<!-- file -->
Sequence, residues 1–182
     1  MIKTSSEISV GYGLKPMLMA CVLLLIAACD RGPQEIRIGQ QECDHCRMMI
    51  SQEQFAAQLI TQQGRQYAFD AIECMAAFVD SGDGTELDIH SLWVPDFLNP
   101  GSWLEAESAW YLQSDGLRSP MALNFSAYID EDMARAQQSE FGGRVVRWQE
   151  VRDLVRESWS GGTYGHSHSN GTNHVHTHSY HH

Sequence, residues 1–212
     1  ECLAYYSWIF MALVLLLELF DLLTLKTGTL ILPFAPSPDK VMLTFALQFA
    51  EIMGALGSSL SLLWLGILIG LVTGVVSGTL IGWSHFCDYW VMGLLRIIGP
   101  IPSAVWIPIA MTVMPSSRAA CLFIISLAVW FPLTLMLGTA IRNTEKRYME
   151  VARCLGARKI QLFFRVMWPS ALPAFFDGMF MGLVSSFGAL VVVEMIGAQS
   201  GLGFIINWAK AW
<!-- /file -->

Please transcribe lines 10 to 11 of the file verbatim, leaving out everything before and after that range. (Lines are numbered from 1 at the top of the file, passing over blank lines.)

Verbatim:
   151  VARCLGARKI QLFFRVMWPS ALPAFFDGMF MGLVSSFGAL VVVEMIGAQS
   201  GLGFIINWAK AW